Over the weekend, the Advisory Committee on Immunization Practices (ACIP) voted unanimously to approve the COVID vaccines for the youngest in the population. Based on these endorsements, the Centers for Disease Control and Prevention (CDC) recommended that children between six months and five years of age should be vaccinated with either Pfizer or Moderna’s COVID-19 vaccines.
There are 19.3 million in this age group for whom the COVID vaccines remained out of reach since the vaccines were first ushered in in December 2020.
While the number of young children who have died from COVID has so far remained low, some 442 under the age of five according to the CDC, this figure is far greater than the death toll from influenza in the same age bracket. As the pediatric infectious disease specialist Dr. Yvonne Maldonado of Stanford University noted, “Children shouldn’t be dying of anything.”
According to the American Academy of Pediatrics (AAP), children represented nearly 19 percent of all cumulative COVID cases in the US. However, seroprevalence data based on blood samples, published by the CDC, indicated that approximately 75 percent of all children 18 and under have been infected, far above the 60 percent figure for the whole population.
This means that children represent the most infected group, a point that should be contrasted with the incessant claims by capitalist politicians and the media bears that children were somehow immune to the ravages of the virus.
Since the pandemic, AAP reported that over 90,000 children have been hospitalized for COVID, a number known to be a vast undercount. Per the CDC’s provisional count of COVID deaths, 1,257 children have died during the pandemic, 20 percent of them during the Omicron wave.
These figures might seem low compared to the horrifying death toll among the elderly and immunocompromised, but they are far greater than the toll in terms of hospitalizations and death from the flu among the same age group.
There were 42,386 pediatric hospitalizations during the 2017-2018 flu season, the worst in the last decade, as compared to the quarter million hospitalized in the first three months of this year due to COVID.
There were also 110 deaths among the youngest and, in total, 526 children died that flu season compared to the over 1,200 who have been killed by SARS-CoV-2. In the current flu season, only 29 children have died, in large part to the limited mitigation measures in effect, including masking. In just the last month alone, almost 60 children died from COVID.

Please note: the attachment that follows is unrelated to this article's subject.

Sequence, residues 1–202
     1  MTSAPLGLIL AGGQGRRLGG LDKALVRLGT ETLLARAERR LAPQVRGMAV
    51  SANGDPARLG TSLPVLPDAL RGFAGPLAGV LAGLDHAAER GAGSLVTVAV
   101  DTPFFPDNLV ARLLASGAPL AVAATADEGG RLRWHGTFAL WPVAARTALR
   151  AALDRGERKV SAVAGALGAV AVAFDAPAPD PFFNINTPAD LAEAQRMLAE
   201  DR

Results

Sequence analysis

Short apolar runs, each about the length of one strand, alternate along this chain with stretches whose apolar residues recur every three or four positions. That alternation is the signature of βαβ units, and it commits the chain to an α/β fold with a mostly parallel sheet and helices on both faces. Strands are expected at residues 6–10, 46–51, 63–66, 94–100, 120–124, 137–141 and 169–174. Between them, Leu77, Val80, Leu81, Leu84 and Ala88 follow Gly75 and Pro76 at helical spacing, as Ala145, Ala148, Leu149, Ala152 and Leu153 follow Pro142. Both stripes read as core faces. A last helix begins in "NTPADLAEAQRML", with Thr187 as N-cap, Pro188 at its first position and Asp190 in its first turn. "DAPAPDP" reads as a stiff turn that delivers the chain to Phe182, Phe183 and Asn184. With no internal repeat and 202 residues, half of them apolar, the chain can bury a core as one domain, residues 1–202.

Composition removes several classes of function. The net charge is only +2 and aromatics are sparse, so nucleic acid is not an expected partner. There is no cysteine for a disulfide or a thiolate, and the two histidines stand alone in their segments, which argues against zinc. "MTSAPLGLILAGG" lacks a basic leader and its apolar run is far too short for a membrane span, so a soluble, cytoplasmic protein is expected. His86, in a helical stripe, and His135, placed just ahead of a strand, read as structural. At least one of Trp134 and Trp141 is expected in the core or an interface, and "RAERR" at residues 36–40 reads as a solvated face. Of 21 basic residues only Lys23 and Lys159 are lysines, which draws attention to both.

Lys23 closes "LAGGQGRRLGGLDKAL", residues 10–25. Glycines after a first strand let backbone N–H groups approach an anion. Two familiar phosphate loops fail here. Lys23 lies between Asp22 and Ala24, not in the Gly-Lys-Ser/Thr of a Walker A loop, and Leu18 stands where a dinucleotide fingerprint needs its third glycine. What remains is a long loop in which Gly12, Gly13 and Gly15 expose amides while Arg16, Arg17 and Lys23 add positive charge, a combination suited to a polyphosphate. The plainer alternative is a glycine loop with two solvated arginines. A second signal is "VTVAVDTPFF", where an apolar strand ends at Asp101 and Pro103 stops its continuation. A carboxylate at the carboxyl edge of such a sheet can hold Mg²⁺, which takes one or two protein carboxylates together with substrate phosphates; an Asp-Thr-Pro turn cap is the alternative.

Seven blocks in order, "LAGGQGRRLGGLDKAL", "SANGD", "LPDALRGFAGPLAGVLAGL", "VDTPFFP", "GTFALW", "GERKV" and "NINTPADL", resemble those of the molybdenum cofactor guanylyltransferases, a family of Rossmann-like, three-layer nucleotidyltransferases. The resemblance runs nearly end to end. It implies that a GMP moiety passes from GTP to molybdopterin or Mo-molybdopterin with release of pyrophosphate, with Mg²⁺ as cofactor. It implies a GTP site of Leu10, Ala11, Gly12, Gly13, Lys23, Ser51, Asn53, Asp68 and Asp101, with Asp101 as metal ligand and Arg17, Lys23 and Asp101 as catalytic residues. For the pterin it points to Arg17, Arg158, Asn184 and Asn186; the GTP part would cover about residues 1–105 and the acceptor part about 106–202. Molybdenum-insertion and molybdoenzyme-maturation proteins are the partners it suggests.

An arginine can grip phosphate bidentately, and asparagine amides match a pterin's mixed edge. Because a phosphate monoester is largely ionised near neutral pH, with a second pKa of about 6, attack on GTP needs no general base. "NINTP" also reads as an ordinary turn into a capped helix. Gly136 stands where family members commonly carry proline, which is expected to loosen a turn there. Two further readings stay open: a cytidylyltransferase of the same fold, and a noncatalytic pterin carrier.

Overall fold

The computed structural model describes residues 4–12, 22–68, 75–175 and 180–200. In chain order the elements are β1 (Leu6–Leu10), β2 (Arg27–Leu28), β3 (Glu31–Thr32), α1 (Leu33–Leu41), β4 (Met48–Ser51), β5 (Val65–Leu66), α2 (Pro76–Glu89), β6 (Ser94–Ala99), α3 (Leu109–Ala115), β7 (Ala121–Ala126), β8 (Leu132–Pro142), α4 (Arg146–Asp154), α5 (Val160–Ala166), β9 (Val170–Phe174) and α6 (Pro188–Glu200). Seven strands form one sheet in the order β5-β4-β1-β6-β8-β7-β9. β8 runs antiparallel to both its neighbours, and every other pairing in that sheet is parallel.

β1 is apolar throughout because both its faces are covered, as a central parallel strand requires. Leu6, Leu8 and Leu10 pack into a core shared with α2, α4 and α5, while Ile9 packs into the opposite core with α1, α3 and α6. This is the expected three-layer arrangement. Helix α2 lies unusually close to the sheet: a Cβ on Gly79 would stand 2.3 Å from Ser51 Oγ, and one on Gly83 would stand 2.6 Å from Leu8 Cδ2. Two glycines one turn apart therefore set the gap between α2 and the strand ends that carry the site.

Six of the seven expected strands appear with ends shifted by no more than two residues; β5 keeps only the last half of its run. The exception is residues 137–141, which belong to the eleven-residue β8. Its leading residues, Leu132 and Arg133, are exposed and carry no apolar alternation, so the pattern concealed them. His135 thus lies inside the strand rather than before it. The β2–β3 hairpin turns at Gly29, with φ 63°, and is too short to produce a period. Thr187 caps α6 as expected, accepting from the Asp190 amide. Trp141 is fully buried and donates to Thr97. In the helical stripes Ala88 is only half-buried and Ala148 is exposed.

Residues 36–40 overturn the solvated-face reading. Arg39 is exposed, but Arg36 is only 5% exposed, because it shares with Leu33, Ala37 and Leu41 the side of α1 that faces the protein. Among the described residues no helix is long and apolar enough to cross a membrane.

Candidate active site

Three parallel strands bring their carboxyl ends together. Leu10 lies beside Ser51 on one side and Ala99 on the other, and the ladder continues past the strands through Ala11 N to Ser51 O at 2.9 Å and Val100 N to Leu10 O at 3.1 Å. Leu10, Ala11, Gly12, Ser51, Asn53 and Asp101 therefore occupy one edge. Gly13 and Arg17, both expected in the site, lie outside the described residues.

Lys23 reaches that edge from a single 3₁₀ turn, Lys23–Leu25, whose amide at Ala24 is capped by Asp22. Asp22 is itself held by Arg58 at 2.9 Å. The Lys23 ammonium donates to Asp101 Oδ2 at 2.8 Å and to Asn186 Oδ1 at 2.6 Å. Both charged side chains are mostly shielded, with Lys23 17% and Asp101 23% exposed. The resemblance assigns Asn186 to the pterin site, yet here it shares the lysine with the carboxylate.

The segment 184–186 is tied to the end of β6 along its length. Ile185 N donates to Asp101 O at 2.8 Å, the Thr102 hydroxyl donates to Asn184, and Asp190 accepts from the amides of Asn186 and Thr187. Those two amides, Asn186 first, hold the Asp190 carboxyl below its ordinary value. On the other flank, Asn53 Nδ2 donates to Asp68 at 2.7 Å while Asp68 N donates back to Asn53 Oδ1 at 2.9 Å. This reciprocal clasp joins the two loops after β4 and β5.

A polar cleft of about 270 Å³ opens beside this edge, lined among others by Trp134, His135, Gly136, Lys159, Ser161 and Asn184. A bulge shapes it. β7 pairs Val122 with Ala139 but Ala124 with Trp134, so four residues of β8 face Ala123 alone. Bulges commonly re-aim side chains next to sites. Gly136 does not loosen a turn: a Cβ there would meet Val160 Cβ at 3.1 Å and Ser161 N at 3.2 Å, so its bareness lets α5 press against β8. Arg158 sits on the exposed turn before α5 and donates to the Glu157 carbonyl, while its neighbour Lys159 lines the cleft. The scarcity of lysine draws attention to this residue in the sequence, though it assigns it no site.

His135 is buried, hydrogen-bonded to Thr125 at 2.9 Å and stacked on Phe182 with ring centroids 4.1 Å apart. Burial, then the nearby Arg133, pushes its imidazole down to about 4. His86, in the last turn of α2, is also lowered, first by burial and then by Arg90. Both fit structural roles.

A study released in preprint by the Imperial College of London, reviewing COVID deaths among children, found, “COVID was a leading cause of death in CYP [children and young people] aged 0-19 years in the US between March 2020 to April 2022, ranking #9 among all causes of deaths, #5 in disease-related causes of deaths (excluding accidents, assault and suicide), and #1 in deaths caused by infectious/respiratory disease.” Specifically, for those under the age of five, it ranked in the top five.
All these figures do not even address the broader issue of Long COVID and its unknown long-term impact on the health of children, who have much longer to live and develop symptoms than the elderly.
These realities make the approval of the Pfizer and Moderna vaccines a welcome step forward, albeit with significant limitations, as we shall see.
Both Pfizer and Moderna had presented their clinical-trial data to the Food and Drug Administration’s (FDA) advisory panel on June 15, highlighting that these vaccines are both safe and produce an antibody response that is similar to that in older children and adults. The panel recommended the vaccines unanimously by a 21-0 vote.
There are differences between the two pediatric version of the mRNA vaccines that are important to review.
Pfizer’s regimen consists of three shots, each containing three micrograms, or one-tenth of the adult dose. The second shot is given three weeks after the first and the third two months later, with a total of three months required to complete the series.